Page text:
Remembering in stillness,
Watching, watching,

A red ball with blue stars
Rolls by:
The no-more boy is remembered.
It is as if it is
The first time.

Abiding in stillness,
Watching, watching
Eternal spring.


gooseThis morning the face of the sky is bruised by mottled gray clouds and resembles the face of a woman after a long night with a rough lover.

The steady overnight rain has tripled the size of the stream at the park and the ducks skim across its quickly flowing surface like ice skaters. While its companions skitter back and forth, one duck bobs three times into the stream, then flaps its wings, shaking the water off its oil slicked feathers before waddling up a low bank to preen in the cool watery sun.

A honking breaks the silence of the morning, the cry both a protest and a challenge to a convoy of ducks who are ignoring the boundaries set a goose along the stream’s concourse. Darting out from its feeding among the reeds, the goose flaps its giant wings and the ducks scatter like ten pins.

Long necked, black billed, brown winged, the goose commands the water, its delta white tail set high and proud like a sail against the brown water and dark green grasses. Beside it a small gosling vigorously paddles to keep pace.

Three other geese, two white and one black, pull their bottom heavy bodies out of the current and struggle up the bank. With heads down and beaks busily gobbling up drenched earth worms, they waddle their way stolidly down the path towards the small lake that is ringed by trees.

A film of gray moss coats the tops of the heavy black limbs of the oaks and accents the light green of the new leaves that are emerging. The spent blossoms of the pink and white flowering trees cling damply to the thin branches and sag like crepe paper the morning after a spring dance.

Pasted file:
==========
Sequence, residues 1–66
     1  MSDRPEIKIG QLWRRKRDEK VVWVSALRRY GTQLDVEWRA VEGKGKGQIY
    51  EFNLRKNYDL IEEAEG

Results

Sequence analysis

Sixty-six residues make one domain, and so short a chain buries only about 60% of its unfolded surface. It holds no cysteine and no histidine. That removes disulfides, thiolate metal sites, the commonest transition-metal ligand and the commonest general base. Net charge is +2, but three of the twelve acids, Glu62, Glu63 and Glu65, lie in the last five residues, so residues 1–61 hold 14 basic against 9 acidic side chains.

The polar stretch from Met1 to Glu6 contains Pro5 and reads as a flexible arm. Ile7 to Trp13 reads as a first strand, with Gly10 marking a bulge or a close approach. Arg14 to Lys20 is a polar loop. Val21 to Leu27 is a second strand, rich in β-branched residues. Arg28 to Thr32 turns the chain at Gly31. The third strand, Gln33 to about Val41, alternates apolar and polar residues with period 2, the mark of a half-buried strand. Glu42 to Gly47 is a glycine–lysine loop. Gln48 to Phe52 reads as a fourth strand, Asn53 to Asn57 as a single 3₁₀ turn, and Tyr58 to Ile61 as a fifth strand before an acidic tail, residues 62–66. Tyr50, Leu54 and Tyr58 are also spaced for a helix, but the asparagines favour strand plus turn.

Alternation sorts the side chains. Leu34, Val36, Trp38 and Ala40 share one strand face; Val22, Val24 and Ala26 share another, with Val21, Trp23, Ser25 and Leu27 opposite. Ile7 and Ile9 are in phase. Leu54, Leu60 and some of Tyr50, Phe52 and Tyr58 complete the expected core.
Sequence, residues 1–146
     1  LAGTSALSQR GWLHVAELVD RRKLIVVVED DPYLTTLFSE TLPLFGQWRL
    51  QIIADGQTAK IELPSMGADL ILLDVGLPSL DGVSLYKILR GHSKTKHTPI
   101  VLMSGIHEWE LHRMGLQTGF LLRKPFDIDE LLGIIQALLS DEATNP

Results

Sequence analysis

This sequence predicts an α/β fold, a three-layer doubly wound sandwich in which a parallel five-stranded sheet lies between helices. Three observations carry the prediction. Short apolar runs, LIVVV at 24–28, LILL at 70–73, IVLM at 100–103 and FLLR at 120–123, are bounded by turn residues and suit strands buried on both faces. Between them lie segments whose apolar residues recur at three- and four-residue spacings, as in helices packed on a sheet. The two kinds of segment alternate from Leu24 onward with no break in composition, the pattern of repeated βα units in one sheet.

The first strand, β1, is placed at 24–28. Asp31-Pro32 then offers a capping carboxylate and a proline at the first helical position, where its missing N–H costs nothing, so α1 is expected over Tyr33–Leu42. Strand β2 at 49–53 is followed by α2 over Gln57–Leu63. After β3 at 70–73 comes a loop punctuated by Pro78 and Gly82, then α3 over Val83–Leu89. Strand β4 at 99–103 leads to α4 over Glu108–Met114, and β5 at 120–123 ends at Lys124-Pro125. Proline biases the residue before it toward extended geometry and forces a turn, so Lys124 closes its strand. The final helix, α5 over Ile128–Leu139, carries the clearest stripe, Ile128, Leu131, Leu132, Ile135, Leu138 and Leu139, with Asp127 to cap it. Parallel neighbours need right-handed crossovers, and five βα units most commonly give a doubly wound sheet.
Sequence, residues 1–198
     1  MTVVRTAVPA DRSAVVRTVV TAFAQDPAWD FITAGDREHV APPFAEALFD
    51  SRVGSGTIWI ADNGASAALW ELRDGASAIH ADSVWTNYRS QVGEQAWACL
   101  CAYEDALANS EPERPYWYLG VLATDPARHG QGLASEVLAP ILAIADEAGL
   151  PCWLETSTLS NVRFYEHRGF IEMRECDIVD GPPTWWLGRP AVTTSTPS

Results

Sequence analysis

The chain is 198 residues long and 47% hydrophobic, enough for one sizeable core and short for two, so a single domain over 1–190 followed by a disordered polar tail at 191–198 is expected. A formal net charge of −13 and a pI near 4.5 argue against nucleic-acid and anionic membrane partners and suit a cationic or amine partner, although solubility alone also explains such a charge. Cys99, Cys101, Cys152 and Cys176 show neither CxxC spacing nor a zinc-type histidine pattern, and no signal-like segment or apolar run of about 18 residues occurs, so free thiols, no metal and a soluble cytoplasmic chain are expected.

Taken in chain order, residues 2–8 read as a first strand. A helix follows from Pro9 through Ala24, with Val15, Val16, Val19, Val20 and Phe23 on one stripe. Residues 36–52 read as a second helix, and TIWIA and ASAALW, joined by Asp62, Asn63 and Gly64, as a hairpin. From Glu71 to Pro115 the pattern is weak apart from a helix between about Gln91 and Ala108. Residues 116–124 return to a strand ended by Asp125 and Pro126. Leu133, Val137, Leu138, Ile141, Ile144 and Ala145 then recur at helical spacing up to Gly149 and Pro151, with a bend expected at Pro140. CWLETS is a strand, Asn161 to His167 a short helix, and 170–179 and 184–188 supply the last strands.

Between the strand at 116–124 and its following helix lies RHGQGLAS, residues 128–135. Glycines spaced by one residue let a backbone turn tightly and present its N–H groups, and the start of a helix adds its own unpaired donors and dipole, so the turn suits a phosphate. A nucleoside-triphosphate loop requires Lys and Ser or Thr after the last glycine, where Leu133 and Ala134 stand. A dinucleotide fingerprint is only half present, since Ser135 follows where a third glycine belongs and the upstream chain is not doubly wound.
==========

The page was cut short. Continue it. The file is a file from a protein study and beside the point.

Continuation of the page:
A lone walker jogs by, head bare, scarf whipping in the spring wind while high above the path a telephone lineman wearing a heavy leather belt dangling with tools leans out of a small metal basket and scatters a flock of birds.

(new post on art site at http://MarieTaylorArt.wordpress.com )


flowering treeInch by inch the sun climbs higher requiring adjustments to the tilt and angle of the cloth fishing hat I wear to shield my eyes from the light. I position my chair beneath the pine and observe the landscape of the park.

The evergreens which have stood faithful through the winter’s frost and rains provide a dark background for the first of the flowering trees whose pink and white blossoms declare the arrival of spring.

The sea gulls, responding to some mysterious seasonal signal, have recently departed leaving the big field flat and empty except for the young girl who sits cross-legged and with head bowed, secretively rolls a joint.

From the naked oak trees, the crows practice cries of indignation in rehearsal for some future occasion when intimidation will be required.

A dark-skinned man pushing a white-haired crone in a wheel chair stops to chat with the bouncing woman with dreadlocks whose big voice carries easily over the pathways.

The creek, still frisky from the weekend’s rain, tumbles over banks and curls around roots in its eagerness to reach the river that will in turn carry it to the great sea beyond where it will, for the first time, encounter the giant migrating whales of legend.

In the distance the fountain on the lake spews jets of water high above the cruising ducks and migrating Canadian geese, the small lake an inn along their silken road north.

The muffled thump of car doors presage the arrival of young mothers with small children and restless dogs who want to walk faster and roam further than allowed.

“Howdy,” I say to the young man walking by whose glittering blue motorcycle helmet has “Pilgrim” stenciled in white. My cowboy welcome throws him off stride and as he slews left to the parking lot I hear the jingle of the metal clips of his leather boots.

Beneath the laughter and the calling birds and the swish of passing cars, the large hands of Silence cradle the park gently as it swings into the afternoon.